Safety

Everyday Electrical Safety Tips

  • Never turn on an appliance when you’re on a wet floor or in the bathtub or shower.
  • If something seems wrong with an appliance or tool, or it gives even the slightest shock, disconnect it.
  • Have it repaired or discard it.
  • Always disconnect small appliances and tools before cleaning them.
  • To disconnect an appliance or tool, don’t pull the cord: instead, grasp the plug and pull it from the outlet.
  • Don’t run extension cords under rugs or flooring. Be sure that the size of your extension cord is adequate for the tool or appliance.
  • Never touch or approach downed power lines. Always assume that downed wires are energized. Call your local law enforcement office or KPUB immediately to report downed power lines.
  • Keep ladders and other conductive objects away from electrical lines. If you don’t know whether an object is conductive— play it safe, and assume that it is.
  • Don’t use electrical tools near water or in the rain. Keep antennas away from power lines.
  • Don’t fly kites near electric wires. If kite string gets caught in power lines, leave it alone; don’t try to remove the string from the lines. Instead, call KPUB for assistance.
  • If you plan to use an auxiliary generator during a temporary power outage, or at any time, notify us beforehand. Improper installation and use could damage equipment, and seriously injure you or a KPUB employee.
  • Never climb a utility pole or a tree that is near electrical wires.
  • Never enter a substation or fenced enclosure that surrounds electrical equipment. The fenced-off area is extremely dangerous. Keep ladders and other conductive objects away from electrical lines. If you don’t know whether an object is conductive – play it safe, and assume that it is.
  • Don’t use electrical tools near water or in the rain. Keep antennas away from power lines.
  • Don’t fly kites near electric wires. If kite string gets caught in power lines, leave it alone; don’t try to remove the string from the lines. Instead, call KPUB for assistance.
  • If you plan to use an auxiliary generator during a temporary power outage, or at any time, notify us beforehand. Improper installation and use could damage equipment, and seriously injure you or a KPUB employee.
  • Never climb a utility pole or a tree that is near electrical wires.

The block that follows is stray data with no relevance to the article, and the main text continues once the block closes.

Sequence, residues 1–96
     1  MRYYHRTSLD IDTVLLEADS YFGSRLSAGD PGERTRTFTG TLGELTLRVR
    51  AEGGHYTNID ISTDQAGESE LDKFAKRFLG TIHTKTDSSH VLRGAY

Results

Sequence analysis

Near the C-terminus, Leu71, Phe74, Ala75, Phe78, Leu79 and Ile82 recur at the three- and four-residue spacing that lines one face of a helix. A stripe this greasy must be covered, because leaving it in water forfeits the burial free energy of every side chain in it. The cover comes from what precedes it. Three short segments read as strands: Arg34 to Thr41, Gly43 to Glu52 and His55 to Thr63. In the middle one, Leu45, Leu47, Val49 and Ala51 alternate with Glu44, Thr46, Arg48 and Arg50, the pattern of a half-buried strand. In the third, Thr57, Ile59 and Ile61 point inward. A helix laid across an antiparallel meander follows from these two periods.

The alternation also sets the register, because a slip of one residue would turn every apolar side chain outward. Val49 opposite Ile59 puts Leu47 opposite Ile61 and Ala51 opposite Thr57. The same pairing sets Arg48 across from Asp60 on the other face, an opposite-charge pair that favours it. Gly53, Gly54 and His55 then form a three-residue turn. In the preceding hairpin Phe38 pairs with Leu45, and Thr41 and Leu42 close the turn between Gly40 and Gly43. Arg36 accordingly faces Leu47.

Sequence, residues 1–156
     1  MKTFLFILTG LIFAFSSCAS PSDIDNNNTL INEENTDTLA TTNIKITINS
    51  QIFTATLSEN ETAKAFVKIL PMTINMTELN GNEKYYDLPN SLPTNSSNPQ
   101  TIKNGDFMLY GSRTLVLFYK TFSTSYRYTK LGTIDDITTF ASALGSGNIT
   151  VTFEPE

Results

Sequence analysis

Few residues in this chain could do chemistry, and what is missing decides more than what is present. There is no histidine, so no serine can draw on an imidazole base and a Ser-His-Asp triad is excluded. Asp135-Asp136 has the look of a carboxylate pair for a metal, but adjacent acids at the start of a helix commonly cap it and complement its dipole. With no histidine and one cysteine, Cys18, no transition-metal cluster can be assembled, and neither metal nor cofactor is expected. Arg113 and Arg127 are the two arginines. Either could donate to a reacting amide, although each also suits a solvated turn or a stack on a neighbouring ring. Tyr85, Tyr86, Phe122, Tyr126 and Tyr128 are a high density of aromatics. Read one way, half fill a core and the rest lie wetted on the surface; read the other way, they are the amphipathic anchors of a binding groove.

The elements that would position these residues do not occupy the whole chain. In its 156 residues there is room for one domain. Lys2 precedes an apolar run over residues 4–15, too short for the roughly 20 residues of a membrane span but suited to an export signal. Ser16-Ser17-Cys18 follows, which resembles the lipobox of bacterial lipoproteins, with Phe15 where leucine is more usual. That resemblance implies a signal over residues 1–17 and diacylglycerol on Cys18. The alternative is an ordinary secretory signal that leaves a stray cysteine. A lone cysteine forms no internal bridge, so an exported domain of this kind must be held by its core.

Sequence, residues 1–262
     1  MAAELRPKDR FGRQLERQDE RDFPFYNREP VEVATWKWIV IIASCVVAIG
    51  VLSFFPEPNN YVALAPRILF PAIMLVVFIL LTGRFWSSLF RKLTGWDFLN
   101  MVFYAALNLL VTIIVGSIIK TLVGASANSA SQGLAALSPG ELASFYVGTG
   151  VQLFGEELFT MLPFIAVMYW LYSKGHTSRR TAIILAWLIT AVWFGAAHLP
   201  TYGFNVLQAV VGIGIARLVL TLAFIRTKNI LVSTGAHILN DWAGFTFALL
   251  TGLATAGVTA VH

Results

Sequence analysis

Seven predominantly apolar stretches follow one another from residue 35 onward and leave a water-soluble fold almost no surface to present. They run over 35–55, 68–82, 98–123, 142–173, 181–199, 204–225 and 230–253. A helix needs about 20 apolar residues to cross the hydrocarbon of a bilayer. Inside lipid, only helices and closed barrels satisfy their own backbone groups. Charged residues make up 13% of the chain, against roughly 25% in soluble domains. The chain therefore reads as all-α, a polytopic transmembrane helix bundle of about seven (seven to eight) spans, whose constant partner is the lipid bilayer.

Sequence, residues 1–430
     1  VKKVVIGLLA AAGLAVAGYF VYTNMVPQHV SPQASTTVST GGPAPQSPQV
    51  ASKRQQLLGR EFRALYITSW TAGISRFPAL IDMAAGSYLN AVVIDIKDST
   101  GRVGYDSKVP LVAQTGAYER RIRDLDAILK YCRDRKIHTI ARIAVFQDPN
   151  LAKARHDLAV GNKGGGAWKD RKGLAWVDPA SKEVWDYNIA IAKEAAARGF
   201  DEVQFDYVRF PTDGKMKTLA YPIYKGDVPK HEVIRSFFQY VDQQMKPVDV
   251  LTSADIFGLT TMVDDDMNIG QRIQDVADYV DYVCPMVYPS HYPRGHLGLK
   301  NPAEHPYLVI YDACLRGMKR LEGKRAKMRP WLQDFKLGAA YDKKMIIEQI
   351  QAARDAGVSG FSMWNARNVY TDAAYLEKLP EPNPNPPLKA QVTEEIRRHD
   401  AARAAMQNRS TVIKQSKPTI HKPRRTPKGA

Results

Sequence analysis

• Never enter a substation or fenced enclosure that surrounds electrical equipment. The fenced-off area is extremely dangerous.

Stay Safe—Call 8-1-1 Before You Dig

The current building trend is to bury utilities underground. Therefore, you must be cautious when digging on your property. Utilities, such as electric, gas, communications, water and sewer, may be buried on your property. Contact with these lines can lead to a serious injury—even death. Call Before You Dig is a free service that locates your underground utilities.

State Law Requires Notification

There is a state law in place that requires all persons, digging 16 inches or deeper, to call a notification center. The call must be at least 48 hours prior to digging.

Notification centers will then contact the utility companies, who will then go out and mark the underground utilities. In Texas, you can call the DIGTESS notification center at 8-1-1 or visit their website at digtess.com.

If You Hit a Utility Line When Digging

  • Discontinue excavation and call 8-1-1 immediately to report the hit.
  • If the hit results in a power outage, call 830.257.2883 to report it.
How Shock Happens
Electricity always seeks the shortest path to the ground. It tries to find a conductor, such as metal, wet wood, water, or your body! Your body is 70% water. So, if you touch an energized bare wire or faulty appliance while you are grounded, electricity will instantly pass through you to the ground, causing a harmful or fatal shock.
Your Service Panel
Your service panel contains fuses or circuit breakers which interrupt power to specific circuits in case of a short circuit or overload. If this happens:

  1. Unplug appliances
  2. Switch off power at the main switch
  3. Consult a licensed electrician
  4. If you have circuit breakers instead, switch the one that’s “off” to “on”
  5. Restore power
  6. Never put a penny or aluminum foil in a fuse box to replace a fuse as this could cause a fire.
It Doesn’t Take Much
The amount of electricity used by one 7.5 watt Christmas bulb can kill you in a fraction of a second if it passes through your chest. Even if it isn’t fatal, electrical shock can easily cause serious falls, burns, cuts, or internal bleeding.
Your Home Wiring
Your home wiring is just a number of loops, or circuits. A “live” wire brings current to a light or an outlet. A “neutral” wire returns current to its source. Between inside wiring and outside lines is a service panel.
Electrical Appliances
Remember the most important rule for home appliances: electricity and water don’t mix! Keep appliances, especially hair dryers, away from bathtubs, puddles, sinks and wet hands. Unplug an appliance before cleaning it. Even if the appliance is off, it can shock, and wet skin decreases your resistance to electricity significantly. Never put metal objects in live parts of appliances or in outlets. If an appliance overheats, unplug it and have it checked. Use only electrical equipment that is approved by a recognized testing laboratory, such as Underwriters Laboratories.
Prevent Electrical Fires
If you’ve ever touched a hot light bulb, you know how hot it can get – up to 300 degrees for a 100-watt bulb. So keep anything that will burn away from light bulbs, portable heaters, or toasters. Turn off heating and cooking appliances before leaving home. Don’t overload outlets. If you must use an extension cord temporarily, match amperage or wattage limits marked on the cord and appliance to avoid a fire hazard.